US: Daniel Inouye of Hawaii was one of the last World War II heroes in Congress, a loyal voice for minorities and the disenfranchised who eventually became the longest-serving member of the US Senate.
The veteran Democrat, who died from respiratory problems Monday at age 88, voted on some of the most historic US legislation of the last half century including the Civil Rights Act of 1964.
"Tonight, our country has lost a true American hero," President Barack Obama said in a statement.
Inouye, the most senior Asian-American politician in US history and the first Japanese-American to serve in Congress, was chairman of the powerful Senate Appropriations Committee which oversees federal spending.
He had represented Hawaii in Congress from the day the Pacific island chain officially became the 50th US state in 1959.
Elected to the Senate in 1962, Inouye eventually earned the title president pro tempore -- the designation for the chamber's longest-serving member which put him third in line for the US presidency, behind the vice president and speaker of the House of Representatives.
The new "president pro temp" is Patrick Leahy, 72, chairman of the Senate Judiciary Committee but also first in line to succeed Inouye as head of Appropriations.
Inouye has served in the Senate longer than anyone except Robert Byrd, who died in 2010 at age 92, after 51 years in the chamber.
"In Washington, he worked to strengthen our military, forge bipartisan consensus, and hold those of us in government accountable to the people we were elected to serve," Obama said.
"But it was his incredible bravery during World War II -- including one heroic effort that cost him his arm but earned him the Medal of Honor -- that made Danny not just a colleague and a mentor, but someone revered by all of us lucky enough to know him."
Although he gained national recognition for his role on the 1970s Watergate Committee and as chairman of the Iran-Contra Committee in 1987, Inouye spent his career largely out of Washington's bright media glare, instead pressing his case for bipartisan cooperation with quiet determination and grace.
"Though gentle in style, he was a fierce warrior when it came to fighting for his nation or standing up for Hawaii," said Senator Barbara Mikulski, the longest-serving woman in the chamber's history.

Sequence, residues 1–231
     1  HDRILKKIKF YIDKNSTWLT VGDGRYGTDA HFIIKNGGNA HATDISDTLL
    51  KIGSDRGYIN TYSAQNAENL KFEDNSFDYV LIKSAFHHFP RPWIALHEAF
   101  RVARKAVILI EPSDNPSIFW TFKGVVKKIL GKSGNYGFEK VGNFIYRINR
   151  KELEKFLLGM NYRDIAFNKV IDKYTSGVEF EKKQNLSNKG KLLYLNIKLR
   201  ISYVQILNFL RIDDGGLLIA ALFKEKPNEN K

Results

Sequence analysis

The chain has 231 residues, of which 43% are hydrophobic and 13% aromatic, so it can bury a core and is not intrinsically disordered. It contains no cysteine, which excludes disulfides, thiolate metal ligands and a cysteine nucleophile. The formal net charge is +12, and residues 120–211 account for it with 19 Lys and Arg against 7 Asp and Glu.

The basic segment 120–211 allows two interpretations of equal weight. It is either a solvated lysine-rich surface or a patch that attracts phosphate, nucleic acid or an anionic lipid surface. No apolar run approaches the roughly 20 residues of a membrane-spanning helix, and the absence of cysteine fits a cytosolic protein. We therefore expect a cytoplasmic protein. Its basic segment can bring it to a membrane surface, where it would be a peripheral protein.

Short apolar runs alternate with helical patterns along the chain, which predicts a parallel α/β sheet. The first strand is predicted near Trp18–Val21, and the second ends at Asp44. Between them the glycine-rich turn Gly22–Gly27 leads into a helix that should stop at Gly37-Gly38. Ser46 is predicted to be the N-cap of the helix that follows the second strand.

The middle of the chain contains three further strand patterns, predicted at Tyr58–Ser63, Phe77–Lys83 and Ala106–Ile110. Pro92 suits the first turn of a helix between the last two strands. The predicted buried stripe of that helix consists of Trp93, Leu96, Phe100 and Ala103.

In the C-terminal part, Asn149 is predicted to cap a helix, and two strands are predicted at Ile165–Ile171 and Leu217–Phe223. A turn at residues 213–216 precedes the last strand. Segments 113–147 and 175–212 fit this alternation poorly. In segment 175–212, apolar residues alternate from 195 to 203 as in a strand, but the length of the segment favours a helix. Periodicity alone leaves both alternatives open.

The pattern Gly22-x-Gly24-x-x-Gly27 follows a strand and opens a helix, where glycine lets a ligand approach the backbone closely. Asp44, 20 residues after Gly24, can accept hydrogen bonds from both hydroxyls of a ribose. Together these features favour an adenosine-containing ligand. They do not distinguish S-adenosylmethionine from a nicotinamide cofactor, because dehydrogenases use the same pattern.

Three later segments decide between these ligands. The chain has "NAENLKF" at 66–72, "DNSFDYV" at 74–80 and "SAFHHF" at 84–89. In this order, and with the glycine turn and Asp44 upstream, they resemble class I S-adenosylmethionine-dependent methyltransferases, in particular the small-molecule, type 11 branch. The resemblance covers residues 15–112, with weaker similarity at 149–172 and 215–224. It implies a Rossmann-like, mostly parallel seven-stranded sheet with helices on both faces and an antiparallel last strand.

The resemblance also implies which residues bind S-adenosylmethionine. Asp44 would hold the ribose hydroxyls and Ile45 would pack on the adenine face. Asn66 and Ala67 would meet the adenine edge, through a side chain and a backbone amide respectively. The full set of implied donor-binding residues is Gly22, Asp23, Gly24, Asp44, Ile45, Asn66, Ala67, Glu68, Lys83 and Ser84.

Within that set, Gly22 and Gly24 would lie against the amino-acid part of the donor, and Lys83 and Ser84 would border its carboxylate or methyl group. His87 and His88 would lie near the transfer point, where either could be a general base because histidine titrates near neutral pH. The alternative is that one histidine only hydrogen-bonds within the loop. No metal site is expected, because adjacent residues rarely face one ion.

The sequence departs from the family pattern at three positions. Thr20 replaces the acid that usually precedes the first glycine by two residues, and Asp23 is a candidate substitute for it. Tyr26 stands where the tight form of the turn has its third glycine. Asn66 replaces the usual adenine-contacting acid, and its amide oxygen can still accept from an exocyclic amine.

Tributes poured in from Republicans including Senate Minority Leader Mitch McConnell, who noted Inouye's status as a veteran of the bombing of Pearl Harbor by Japanese fighter planes.
"An iconic political figure of his beloved Hawaii, and the only original member of a congressional delegation still serving in Congress, he was a man who had every reason to call attention to himself but who never did," McConnell said.
The Japanese government, which bestowed its highest civilian award on Inouye last year, also hailed the late senator.
"He worked to strengthen the unity and the development of the Japanese community in the United States," Japan's top government spokesman Osamu Fujimura said.
"The depth of his achievement cannot be expressed in words."
Much of the institutional fabric of the Senate over the last half-century became a part of the senator from Hawaii.
Inouye was already into his second six-year term in the chamber when its current youngest member Mike Lee was born in 1971.
Inouye's remarkable story as a US Army soldier in World War II continues to inspire. He was one of several Asian-Americans who belatedly received the Medal of Honor in 2000.
According to his biography that accompanied his medal, Inouye led an attack on an enemy position on a ridge near San Terenzo, Italy in April 1945, crawling up a hillside and hurling two grenades into a machine gun nest to neutralize the position.
"Although wounded by a sniper's bullet, he continued to engage other hostile positions at close range until an exploding grenade shattered his right arm," but he continued to direct his pl